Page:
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Cambridge University Press
The Cambridge Handbook of Social Enterprise Law

The Cambridge Handbook of Social Enterprise Law

by Benjamin Means, Joseph W. YockeyBenjamin Means
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Growing numbers of employees, consumers, and investors want companies to be truly good; these stakeholders will accept lower economic returns in order to support companies that prioritize sustainability, fair wages, and fair trade. Unlike charities or non-profit organizations, such companies - or social enterprises - are not only permitted but also expected to produce an economic return for investors. Yet, unlike traditional business ventures, social enterprises have no obligation to maximize profits, even on a long-term basis. In this comprehensive volume, Benjamin Means and Joseph W. Yockey bring together leading legal scholars and practitioners to offer an authoritative guide to social enterprise law and policy. The Cambridge Handbook of Social Enterprise Law takes stock of the field and charts a course for its future development. It should be read by entrepreneurs, investors, practitioners, academics, students and anyone else interested in how companies are evolving to address new demands for capitalism with a conscience.

Product Details

ISBN-13: 9781107186552
Publisher: Cambridge University Press
Publication date: 01/03/2019
Series: Cambridge Law Handbooks
Pages: 462
Product dimensions: 7.28(w) x 10.31(h) x 1.18(d)

About the Author

Benjamin Means is a Professor of Law at the University of South Carolina School of Law. He teaches business associations, mergers and acquisitions, contracts, and family business law. His scholarship appears in journals including the Emory Law Journal, the Georgetown Law Journal, the Vanderbilt Law Review, and the Washington University Law Review. He serves on the executive committee of the American Association of Law Schools Section on Business Associations. Professor Means practiced law at Davis Polk & Wardwell LLP and Satterlee Stephens LLP, and he clerked for Judge Rosemary S. Pooler (United States Court of Appeals for the Second Circuit).

Joseph W. Yockey is a Professor of Law and the Michael and Brenda Sandler Faculty Fellow in Corporate Law at the University of Iowa School of Law. He teaches courses on business associations, compliance, and higher education, and he has been voted law school professor of the year. He writes extensively on social enterprise law and corporate governance. Professor Yockey practiced corporate litigation at Sidley Austin LLP in Chicago, Illinois, and he clerked for Judge John Daniel Tinder (formerly United States Court of Appeals for the Seventh Circuit).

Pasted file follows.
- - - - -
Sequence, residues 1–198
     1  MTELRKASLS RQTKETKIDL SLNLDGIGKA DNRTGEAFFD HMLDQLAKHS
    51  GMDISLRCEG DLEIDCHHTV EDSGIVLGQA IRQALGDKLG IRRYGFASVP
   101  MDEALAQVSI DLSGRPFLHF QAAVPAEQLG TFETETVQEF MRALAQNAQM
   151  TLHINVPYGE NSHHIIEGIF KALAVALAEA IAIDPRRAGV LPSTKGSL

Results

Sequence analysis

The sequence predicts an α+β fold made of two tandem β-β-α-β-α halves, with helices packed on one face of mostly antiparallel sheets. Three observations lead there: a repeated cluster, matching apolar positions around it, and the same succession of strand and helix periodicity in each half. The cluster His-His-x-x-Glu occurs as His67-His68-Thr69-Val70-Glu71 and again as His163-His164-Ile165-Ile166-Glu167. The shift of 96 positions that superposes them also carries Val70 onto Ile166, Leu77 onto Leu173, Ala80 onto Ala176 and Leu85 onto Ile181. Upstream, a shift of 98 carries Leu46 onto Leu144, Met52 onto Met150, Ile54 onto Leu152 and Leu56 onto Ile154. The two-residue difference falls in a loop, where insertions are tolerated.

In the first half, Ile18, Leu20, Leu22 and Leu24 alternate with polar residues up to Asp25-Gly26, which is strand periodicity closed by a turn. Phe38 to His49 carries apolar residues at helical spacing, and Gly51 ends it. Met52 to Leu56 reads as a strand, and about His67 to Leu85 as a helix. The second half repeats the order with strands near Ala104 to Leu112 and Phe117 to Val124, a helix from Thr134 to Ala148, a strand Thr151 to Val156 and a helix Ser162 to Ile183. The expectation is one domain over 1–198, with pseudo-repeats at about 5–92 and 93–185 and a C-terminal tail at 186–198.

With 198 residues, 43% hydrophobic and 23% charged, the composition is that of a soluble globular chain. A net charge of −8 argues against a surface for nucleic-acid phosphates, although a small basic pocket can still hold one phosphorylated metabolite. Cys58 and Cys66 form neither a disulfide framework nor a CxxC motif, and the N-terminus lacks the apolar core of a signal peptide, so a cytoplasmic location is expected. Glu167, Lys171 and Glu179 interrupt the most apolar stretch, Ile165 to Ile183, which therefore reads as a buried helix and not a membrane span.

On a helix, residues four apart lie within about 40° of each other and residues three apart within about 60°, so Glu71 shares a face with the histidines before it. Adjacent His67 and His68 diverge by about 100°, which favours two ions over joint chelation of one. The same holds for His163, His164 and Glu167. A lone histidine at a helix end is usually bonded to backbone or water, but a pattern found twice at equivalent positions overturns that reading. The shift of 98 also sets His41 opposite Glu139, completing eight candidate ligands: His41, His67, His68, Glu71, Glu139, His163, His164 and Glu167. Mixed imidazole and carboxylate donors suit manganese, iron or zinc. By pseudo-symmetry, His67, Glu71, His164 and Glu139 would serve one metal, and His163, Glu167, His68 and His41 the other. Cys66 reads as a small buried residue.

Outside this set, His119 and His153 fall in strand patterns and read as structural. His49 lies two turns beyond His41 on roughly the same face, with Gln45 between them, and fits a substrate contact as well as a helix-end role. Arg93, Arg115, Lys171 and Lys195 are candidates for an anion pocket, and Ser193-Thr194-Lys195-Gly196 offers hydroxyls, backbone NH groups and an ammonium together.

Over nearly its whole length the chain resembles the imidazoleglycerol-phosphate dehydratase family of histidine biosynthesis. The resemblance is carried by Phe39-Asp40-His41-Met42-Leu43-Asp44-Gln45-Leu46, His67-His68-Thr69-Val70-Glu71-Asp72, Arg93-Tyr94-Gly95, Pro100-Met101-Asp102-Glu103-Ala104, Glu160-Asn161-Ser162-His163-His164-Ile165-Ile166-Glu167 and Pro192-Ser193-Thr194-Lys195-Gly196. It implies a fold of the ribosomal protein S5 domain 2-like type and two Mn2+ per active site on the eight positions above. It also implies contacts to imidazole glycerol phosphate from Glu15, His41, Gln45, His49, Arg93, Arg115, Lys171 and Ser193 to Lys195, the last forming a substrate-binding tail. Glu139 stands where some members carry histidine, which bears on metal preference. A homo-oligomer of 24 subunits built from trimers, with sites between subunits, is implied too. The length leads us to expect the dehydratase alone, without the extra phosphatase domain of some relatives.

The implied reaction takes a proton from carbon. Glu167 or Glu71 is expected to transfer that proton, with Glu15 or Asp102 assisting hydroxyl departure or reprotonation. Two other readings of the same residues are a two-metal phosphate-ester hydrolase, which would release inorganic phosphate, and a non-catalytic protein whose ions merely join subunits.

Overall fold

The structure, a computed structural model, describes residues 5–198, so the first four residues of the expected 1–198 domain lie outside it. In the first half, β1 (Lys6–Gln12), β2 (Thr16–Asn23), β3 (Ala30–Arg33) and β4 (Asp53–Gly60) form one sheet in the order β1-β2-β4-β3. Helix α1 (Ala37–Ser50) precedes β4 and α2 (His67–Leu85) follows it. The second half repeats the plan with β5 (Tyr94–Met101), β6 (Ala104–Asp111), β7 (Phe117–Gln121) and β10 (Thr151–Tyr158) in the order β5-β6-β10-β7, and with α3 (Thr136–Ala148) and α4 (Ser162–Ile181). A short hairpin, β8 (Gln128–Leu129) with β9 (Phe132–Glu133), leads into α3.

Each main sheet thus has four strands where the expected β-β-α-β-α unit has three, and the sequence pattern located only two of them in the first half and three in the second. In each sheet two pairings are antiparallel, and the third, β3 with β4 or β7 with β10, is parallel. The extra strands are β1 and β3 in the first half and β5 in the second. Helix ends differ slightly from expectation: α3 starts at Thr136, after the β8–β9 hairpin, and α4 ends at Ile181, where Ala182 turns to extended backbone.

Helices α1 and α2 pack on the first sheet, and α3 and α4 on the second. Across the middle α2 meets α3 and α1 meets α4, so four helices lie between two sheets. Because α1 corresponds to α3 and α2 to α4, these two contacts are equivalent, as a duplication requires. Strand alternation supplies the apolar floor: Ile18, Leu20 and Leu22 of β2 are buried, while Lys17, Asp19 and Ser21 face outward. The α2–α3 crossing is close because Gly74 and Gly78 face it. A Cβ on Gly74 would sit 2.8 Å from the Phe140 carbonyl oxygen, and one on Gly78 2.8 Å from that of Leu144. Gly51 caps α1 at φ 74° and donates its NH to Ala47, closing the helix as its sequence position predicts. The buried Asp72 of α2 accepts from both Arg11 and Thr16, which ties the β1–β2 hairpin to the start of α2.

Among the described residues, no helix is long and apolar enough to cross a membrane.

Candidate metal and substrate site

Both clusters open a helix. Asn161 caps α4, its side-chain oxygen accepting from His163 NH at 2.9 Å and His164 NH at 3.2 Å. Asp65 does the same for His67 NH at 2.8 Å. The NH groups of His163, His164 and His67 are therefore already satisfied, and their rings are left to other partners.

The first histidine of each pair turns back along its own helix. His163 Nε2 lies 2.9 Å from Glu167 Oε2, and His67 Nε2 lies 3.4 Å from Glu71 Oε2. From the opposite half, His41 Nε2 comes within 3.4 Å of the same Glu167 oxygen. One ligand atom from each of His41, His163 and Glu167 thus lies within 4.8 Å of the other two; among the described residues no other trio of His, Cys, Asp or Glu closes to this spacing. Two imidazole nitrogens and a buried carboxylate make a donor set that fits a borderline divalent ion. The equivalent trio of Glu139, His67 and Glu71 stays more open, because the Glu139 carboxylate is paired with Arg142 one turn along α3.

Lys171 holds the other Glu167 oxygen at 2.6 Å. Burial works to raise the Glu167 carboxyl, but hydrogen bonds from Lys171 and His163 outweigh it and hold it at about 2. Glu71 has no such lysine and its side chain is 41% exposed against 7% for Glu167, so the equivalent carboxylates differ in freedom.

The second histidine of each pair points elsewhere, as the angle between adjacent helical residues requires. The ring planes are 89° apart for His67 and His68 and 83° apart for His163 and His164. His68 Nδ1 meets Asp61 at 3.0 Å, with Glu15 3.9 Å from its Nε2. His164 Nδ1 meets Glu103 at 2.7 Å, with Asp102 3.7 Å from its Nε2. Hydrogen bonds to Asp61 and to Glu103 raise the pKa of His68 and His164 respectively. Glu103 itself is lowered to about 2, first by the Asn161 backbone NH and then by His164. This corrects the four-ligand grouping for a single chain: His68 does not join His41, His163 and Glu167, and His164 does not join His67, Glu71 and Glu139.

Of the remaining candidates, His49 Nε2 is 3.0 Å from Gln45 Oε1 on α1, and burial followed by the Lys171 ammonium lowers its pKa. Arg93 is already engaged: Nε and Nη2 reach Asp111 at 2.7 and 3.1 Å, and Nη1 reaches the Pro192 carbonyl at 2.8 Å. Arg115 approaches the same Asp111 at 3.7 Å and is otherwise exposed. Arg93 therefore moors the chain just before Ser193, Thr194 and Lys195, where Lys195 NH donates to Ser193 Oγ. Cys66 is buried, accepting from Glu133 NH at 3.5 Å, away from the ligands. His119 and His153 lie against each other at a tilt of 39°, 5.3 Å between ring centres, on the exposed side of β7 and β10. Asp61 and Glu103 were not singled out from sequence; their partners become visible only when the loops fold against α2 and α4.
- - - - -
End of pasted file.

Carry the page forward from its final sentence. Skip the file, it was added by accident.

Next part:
Table of Contents

Introduction Benjamin Means and Joseph W. Yockey; Part I. Theoretical Framework: 1. Social and asocial enterprise Elizabeth Pollman; 2. Self-regulation of social enterprise Brian Galle; 3. Essential policy and practice considerations for facilitating social enterprise John E. Tyler; Part II. Historical Context and Political Economy: 4. Three legislative paths to social enterprise Brett H. McDonnell; 5. When all enterprise was social Robert C. Hockett; 6. Early lessons in social enterprise law Carol Liao; 7. Shaping corporate reform Nina Boeger; 8. The promise of social enterprise for low-income communities Alicia E. Plerhoples; Part III. Tax and Finance: 9. Creating a tax space for social enterprise Lloyd Hitoshi Mayer; 10. Impact investment and alternative capital channels Anne M. Tucker; 11. Financing social enterprise Joan MacLeod Heminway; 12. Social enterprise crowdfunding in New Zealand Andrew A. Schwartz; Part IV. Choice of Form: 13. The social enterprise life cycle Dana Brakman Reiser and Steven A. Dean; 14. Do we need specialized business forms for social enterprise? Peter Molk; 15. Social lock-in and the cooperative form Tamara C. Belinfanti; 16. Using a taxable nonprofit corporation for social enterprise Cassady V. Brewer; 17. Form follows function Kyle Westaway; Part V. Fiduciary Obligation: 18. Fiduciary duties in social enterprise Andrew S. Gold and Paul B. Miller; 19. Managerial duties in social enterprise: the public benefit corporation Lyman Johnson; 20. Judging the public benefit corporation Omari Scott Simmons; Part VI. Governance: 21. Stakeholder representatives for social enterprise J. Haskell Murray; 22. Mixed motive investments and agency costs Charles M. Yablon; 23. Some implications of the agency-cost theory of the non-profit firm Benjamin Moses Leff; 24. Preserving the social enterprise's mission Antony Page; 25. A new blueprint for regulating social enterprise Sarah Dadush.

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